An $8.6 million development designed to house formerly homeless men is to open near Lexington Market by the end of the year, city officials and developers say.
The long-awaited Paca House in the 100 block of N. Paca St. is the latest addition to a growing number of single-room occupancy projects, or SROs, operated in the city by private, nonprofit groups.
"Twenty years ago, it's what people would have called a boarding house," said Ann Ciekot, deputy director of Action for the Homeless, a statewide advocacy group. "It provides the type of affordable rooms that were demolished" with the development of new downtown office buildings and hotels.
Yesterday, the city Board of Estimates approved $500,000 for the project, the final installment of $2 million in federal block grant funds for construction costs and social service programs.
The project has received $1.5 million in grants from the state and the rest is to come from private sources, including a syndicate of investors who will receive federal tax credits in return, housing officials said.
Construction began in the spring and is to be completed by Struever Brothers Eccles & Rouse by late December.
The city was awarded the federal money in 1992 through a U.S. Department of Housing and Urban Development program for the homeless, said Donna Keck, the city's director of special needs and replacement housing.
Associated Catholic Charities backed out as the developer when the housing department couldn't guarantee to provide $1 million in a year for social service programs, said Housing Commissioner Daniel P. Henson III. Now, the city has the money, which will be used over five years, Henson said.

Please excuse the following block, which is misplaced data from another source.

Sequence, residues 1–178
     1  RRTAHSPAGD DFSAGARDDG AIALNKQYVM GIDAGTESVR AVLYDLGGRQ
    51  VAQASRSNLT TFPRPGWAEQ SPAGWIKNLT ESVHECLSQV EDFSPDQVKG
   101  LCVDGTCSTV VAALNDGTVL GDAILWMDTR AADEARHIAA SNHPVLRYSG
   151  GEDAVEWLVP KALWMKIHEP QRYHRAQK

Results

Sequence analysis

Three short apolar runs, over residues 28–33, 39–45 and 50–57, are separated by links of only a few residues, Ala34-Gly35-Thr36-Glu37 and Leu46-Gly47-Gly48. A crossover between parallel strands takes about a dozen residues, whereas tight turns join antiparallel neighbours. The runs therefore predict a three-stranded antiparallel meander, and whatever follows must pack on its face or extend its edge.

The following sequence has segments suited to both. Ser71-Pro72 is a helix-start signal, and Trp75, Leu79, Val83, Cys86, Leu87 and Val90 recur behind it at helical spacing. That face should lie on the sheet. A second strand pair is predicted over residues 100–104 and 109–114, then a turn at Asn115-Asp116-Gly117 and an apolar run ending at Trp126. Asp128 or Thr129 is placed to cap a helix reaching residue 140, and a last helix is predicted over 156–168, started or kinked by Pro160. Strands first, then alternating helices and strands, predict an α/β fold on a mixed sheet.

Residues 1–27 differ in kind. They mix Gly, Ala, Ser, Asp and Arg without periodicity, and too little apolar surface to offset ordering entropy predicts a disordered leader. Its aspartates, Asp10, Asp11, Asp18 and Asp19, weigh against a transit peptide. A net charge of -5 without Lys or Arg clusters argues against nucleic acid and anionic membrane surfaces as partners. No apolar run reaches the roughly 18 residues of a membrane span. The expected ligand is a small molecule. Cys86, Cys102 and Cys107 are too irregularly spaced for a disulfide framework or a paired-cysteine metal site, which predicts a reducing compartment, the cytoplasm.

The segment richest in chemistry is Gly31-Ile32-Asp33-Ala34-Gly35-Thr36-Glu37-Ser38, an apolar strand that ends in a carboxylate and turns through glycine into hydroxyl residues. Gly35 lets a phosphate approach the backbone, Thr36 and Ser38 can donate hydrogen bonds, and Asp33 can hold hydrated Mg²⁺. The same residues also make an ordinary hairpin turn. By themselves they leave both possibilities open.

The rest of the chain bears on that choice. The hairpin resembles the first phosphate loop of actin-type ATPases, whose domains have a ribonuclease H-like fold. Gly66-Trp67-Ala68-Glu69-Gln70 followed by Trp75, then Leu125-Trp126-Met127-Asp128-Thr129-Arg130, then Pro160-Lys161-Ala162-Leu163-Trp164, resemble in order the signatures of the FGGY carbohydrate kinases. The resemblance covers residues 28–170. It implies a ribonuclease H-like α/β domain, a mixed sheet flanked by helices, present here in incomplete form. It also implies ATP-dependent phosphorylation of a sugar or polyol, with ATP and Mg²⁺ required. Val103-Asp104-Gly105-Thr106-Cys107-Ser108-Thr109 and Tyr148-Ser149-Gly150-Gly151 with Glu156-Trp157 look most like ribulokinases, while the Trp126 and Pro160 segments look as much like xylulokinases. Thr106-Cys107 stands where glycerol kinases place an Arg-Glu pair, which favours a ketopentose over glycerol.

The city has found another nonprofit developer for the project, Volunteers of America Chesapeake. Catholic Charities officials could not be reached for comment.
The 45,000-square-foot complex will be in one new building and two renovated city-owned buildings at 106-120 N. Paca St. The renovated buildings, a vacant firehouse and a warehouse, will contain 106 units, including about 30 efficiency apartments and 76 single rooms.
The new building, being constructed on what once was a vacant lot, will be flanked by the renovated buildings; it is to contain offices for managers and social service programs. Rents will be $303 a month for single rooms with access to a communal kitchen and $404 a month for efficiencies, city officials said.
Preference will be given to elderly homeless men for the efficiency units, said William McKemey, VOA Chesapeake's president and chief executive officer.
Residents, mostly referred by local agencies, may stay indefinitely in the housing complex. However, those who want to get jobs and move to other housing will receive help, McKemey said.
Struever Brothers must complete the project this year for investors to be eligible for certain tax credits, housing authority officials said.
Other SRO facilities include Holden Hall, operated by Catholic Charities; The Calverton on 25th Street, run by the Women's Housing Coalition; and Harford House, in the 1500 block of E. North Ave., operated by the nonprofit Govans Ecumenical Development Corp., Ciekot said.
Baltimore has 2,000 homeless people each day, according to city government estimates.
"There's really no place for these people to go," said Chuck Williams, executive director of Maryland Homeless Veterans Inc. He has a waiting list for his 200-unit East Baltimore building.
Pub Date: 8/08/96